Bus design winner marks Bristol Bus Boycott anniversary
A specially designed bus to mark the 60th anniversary of the Bristol Bus Boycott has been unveiled today as the city marked the iconic moment in race relations history.
The winner of the competition to design the double decker bus says she hopes she has given the moment in history the “justice and recognition it deserves”.
Today, Bristol illustrator and animator 32-year-old Alissa Thaler was announced as the winner of First West of England’s competition to create a special design to mark the boycott’s milestone year.
At an unveiling at the bus operator’s Lawrence Hill depot in north Bristol earlier today (30th August), Miss Thaler said it was a great honour to be given the opportunity to tell this important story in Bristol’s history.
The four-month Bristol Bus Boycott of 1963 was sparked after bus operators introduced a new rule banning Black and Asian people from becoming drivers and conductors.
In the 1960s, Bristol’s bus services were operated by Bristol Joint Services, owned by the Corporation of Bristol and the privately owned Bristol Omnibus Company, whose workers belonged to the Transport and General Workers’ Union.
In 1955, the local branch of the union passed a resolution to ban Black or Asian people from working as bus conductors and drivers. This policy was exposed by the Bristol Evening Post in 1961, sparking the launch of a new campaign group.
Inspired by the events of the 1955 Montgomery bus boycott, in which Rosa Parks and other community activists refused to give up their seats, a boycott of Bristol’s entire bus network began on 30 April 1963, lasting for four months. It ended in August 1963 when the Bristol Omnibus Company was finally forced to end its ‘colour bar’. The campaign helped pave the way for the UK’s Race Relations Acts of 1965 and 1968.
Alissa’s winning design is dominated by the colours of the Jamaican flag in recognition of Guy Bailey, who was refused a job as a bus driver - sparking the Bristol Bus Boycott.
His face, alongside other boycott pioneers, features on the bus, helping to tell the story from the arrival of the Windrush generation through to the boycott protests and subsequent introduction of the Race Relations Act 1965 and employment in Bristol of the city’s first Asian bus conductor Raghbir Singh and other drivers and conductors, including Norman Samuels, Norris Edwards, Abbas Ali and Mohammed Raschid.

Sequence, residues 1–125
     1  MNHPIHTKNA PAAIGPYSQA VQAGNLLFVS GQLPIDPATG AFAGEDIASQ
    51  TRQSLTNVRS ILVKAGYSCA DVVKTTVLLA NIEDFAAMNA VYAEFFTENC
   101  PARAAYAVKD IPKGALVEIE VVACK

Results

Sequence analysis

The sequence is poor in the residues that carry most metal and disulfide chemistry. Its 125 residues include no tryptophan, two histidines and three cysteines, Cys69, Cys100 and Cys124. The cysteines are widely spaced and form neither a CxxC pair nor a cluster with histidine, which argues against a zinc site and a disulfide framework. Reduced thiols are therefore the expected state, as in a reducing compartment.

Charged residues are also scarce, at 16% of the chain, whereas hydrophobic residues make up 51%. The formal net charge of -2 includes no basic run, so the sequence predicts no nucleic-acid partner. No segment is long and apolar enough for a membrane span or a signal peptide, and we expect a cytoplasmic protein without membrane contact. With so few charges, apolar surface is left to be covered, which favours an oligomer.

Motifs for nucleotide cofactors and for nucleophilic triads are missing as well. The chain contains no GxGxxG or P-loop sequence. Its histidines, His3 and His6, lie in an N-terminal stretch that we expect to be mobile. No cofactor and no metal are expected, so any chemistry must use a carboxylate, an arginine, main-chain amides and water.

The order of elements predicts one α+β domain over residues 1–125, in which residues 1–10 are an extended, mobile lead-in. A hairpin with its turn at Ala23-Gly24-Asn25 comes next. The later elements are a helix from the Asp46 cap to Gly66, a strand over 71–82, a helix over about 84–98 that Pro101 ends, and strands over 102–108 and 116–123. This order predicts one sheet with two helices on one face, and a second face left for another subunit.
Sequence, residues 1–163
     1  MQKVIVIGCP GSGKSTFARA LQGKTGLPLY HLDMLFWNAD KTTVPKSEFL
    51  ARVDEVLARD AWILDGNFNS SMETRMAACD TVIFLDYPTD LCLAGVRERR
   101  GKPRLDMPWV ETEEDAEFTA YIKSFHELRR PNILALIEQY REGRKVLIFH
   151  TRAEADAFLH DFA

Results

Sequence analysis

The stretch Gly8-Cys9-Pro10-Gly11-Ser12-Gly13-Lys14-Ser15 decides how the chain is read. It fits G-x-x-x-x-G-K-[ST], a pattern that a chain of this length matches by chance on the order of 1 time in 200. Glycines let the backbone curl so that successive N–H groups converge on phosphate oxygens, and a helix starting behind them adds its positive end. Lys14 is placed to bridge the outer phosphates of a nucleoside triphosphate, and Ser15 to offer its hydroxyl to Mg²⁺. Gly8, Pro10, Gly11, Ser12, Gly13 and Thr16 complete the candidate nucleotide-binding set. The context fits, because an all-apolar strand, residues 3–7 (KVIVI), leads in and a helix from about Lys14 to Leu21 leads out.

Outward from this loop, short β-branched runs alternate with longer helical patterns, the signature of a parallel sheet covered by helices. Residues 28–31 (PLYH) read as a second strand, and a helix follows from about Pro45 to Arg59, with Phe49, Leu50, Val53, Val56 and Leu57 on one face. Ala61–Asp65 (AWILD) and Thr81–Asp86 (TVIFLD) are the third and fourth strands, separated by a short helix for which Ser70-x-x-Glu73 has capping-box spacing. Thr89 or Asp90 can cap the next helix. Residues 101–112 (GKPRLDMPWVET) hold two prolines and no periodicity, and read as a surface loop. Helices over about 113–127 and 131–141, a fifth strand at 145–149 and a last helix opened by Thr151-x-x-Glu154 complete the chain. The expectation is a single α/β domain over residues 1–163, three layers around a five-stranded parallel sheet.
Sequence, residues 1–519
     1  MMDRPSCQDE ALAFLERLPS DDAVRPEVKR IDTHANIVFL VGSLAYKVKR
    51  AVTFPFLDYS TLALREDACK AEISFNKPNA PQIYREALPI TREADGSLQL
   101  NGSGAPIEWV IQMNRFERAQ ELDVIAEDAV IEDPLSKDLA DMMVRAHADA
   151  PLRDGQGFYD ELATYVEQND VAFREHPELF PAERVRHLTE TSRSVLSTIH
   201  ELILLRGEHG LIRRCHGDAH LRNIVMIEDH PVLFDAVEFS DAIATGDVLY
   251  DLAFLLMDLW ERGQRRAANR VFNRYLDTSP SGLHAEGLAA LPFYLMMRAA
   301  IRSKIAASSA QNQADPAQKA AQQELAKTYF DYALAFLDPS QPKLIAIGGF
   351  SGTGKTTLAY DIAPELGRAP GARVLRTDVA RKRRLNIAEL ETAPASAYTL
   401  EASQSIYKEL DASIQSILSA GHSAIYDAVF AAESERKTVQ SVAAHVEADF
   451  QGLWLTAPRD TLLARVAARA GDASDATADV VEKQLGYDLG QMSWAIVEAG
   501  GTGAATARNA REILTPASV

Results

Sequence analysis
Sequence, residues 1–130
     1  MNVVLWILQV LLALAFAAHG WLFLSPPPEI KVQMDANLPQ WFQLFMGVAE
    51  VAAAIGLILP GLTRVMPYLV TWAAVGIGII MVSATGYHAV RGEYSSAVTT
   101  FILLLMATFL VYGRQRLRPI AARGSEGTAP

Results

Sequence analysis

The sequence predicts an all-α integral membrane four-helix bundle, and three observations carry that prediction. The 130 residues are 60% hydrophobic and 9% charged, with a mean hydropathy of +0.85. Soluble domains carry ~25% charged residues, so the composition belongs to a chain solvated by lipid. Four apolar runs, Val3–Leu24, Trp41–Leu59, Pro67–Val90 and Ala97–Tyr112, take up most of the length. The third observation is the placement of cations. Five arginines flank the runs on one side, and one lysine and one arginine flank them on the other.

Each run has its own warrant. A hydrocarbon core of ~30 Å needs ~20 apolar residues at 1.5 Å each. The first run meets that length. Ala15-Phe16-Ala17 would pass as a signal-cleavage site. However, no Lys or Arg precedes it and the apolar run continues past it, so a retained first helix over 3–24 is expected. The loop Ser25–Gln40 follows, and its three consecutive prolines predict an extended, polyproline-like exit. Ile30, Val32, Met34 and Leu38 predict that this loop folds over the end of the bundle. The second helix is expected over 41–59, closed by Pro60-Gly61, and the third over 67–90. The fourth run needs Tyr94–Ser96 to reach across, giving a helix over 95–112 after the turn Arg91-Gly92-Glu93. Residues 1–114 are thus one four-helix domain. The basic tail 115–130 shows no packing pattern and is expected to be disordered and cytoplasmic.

Alissa Thaler said: “I just hope people like the design, and that I’ve told the story. It will be amazing if this bus helps more people learn about it, especially children. I really hope it creates a sense of community, and the spirit of what’s happened over these past 60 years continues.”
Alissa, who was originally reluctant to enter the competition because she felt as a white European woman it wasn’t “my history to tell”, says that once she started to research the boycott and sketch her design she realised: “this is everyone’s history, and as soon as you step foot into Bristol it’s moments like this that give the city its history, and it should be something that we all care about and help bring out.”
Alissa, who moved to the UK from Italy five years ago, said: “The story of the boycott really highlighted the injustice and frustration for those coming to a country with a promise of work and acceptance, and actually finding that it wasn’t true. But what also really stood out was the courage of people standing up to it.”
While Alissa’s work is normally on a much smaller scale, with animated explainer videos, brand design and editorial illustrations, this is the first time her work has been displayed on such a large scale, measuring in at four metres high and 11 metres long on both sides of the bus.
Bristol’s main bus operator, First Bus, has joined forces with others in the city, including Bristol Ideas, Creative Connex and Curiosity UnLtd, to create the Drive for Change campaign to mark this important milestone in racial equality history.
Doug Claringbold, Managing Director of First West of England, said: “This wonderful design really captures the story of the iconic Bristol Bus Boycott of 1963 – an episode in our history which paved the way for today’s Race Relations Act.
“Alissa’s design is not only eye-catching, but it’s also a very poignant reminder of the amazing battle the boycott pioneers fought to bring fairness to this city and its transport network. It was a truly milestone moment in our history, and it’s only fitting that we mark it in such an impressive way. We all can’t wait to see this bus out on the streets of Bristol, sharing it with local residents and passengers.”